Putting a Price on Rewards
Your credit card can pay you cash back or even let you hobnob with the stars. Here's why it's often a bad deal
Discover's Get More program, for example, provides 5 percent cash back on certain rotating categories throughout the year and up to 1 percent cash back on everything else. If a consumer spent $10,000 a year, including $500 in the special categories, then he would receive up to $120 at the end of the year. If the same consumer carried a debt of $1,000 at 15 percent interest, the annual interest payment would be $150-more than the cash back. Discover says people should select their card based on their situation; the company's Motiva card, for example, is designed for people who carry debt. After six on-time monthly payments, cardholders receive the seventh month's interest back.
Consumers who carry credit card debt would be better off shopping for a card based solely on the interest rate, says Travis Plunkett, legislative director of the Consumer Federation of America. Websites such as www.creditcards.com and www.100best-credit-card-reports.com compare annual percentage rates, which typically range from 0 to 20 percent.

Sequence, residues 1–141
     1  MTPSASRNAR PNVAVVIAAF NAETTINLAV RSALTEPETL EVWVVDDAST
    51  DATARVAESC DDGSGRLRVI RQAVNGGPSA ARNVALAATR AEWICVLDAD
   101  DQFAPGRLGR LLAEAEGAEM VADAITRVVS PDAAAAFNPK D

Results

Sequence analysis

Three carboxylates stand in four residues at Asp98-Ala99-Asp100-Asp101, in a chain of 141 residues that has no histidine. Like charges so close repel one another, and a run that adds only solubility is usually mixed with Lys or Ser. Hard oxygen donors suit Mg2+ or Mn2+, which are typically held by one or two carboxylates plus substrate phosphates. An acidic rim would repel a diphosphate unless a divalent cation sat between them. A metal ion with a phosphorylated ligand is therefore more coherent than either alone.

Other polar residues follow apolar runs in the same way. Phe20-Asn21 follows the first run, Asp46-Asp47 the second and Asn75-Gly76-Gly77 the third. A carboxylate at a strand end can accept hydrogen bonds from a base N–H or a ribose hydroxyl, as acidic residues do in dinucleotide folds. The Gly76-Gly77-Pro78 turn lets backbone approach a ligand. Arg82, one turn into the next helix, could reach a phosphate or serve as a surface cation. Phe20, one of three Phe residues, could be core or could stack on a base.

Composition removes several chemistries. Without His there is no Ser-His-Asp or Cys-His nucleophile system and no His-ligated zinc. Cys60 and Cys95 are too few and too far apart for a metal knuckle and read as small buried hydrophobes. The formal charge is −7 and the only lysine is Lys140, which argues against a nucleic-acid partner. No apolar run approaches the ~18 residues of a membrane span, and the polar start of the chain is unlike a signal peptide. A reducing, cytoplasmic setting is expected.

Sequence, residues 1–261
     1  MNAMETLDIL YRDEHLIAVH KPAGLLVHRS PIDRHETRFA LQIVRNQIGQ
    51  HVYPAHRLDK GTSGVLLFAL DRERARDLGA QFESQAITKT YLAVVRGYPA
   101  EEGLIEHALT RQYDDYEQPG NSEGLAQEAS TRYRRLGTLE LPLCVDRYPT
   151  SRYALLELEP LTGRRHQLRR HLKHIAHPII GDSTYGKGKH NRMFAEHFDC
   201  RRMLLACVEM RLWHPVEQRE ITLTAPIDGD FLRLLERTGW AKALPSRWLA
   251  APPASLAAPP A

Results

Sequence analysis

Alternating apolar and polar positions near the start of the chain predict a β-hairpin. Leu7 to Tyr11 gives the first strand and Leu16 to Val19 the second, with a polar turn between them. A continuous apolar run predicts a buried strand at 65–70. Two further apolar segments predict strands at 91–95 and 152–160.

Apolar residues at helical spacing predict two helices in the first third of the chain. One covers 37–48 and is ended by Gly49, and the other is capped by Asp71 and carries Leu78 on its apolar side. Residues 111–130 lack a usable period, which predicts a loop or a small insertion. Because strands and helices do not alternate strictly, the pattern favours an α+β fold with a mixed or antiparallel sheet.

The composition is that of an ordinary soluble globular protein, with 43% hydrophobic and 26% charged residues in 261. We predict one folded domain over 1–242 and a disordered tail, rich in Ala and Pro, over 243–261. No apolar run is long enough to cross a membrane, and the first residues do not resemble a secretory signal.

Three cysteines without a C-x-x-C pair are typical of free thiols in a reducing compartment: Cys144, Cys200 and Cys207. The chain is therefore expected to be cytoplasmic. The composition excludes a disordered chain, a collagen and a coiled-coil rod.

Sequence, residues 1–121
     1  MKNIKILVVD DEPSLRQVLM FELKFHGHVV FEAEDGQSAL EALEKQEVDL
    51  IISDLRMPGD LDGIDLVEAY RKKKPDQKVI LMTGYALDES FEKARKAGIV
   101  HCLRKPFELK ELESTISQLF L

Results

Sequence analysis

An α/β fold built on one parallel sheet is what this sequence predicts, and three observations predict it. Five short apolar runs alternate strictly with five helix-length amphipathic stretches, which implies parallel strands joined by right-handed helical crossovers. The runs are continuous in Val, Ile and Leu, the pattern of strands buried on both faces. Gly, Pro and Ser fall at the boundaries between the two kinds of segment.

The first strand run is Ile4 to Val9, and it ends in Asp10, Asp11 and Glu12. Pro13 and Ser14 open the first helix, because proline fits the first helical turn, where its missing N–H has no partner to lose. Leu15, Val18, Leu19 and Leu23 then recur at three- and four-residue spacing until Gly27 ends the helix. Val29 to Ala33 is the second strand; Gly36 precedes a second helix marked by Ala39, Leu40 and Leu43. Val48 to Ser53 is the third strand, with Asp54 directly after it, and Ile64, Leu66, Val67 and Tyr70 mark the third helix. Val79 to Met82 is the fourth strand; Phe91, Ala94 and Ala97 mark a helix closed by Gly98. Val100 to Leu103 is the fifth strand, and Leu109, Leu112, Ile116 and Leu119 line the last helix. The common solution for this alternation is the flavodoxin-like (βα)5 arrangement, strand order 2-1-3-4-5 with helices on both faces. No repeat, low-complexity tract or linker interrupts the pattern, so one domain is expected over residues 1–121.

Credit card companies increasingly aim rewards programs at consumers who carry debt over each month, says Gwenn Bézard, research director for the Aite Group. But even high-income individuals are at risk for overpaying for rewards. Cards that target affluent consumers are ramping up luxurious experiences offered through their rewards programs, such as suborbital space flights (American Express) and a private meeting with Elvis Costello (Visa). "The trick is to come up with something that looks great in your eyes, but the cost is actually not as high as your perception of the reward," Bézard says.
There is one group of people with little to lose from rewards programs: those who pay off their balance each month, avoid annual fees, and don't succumb to the temptation of purchase acceleration. For those consumers, says Menke, "it's basically getting something for free."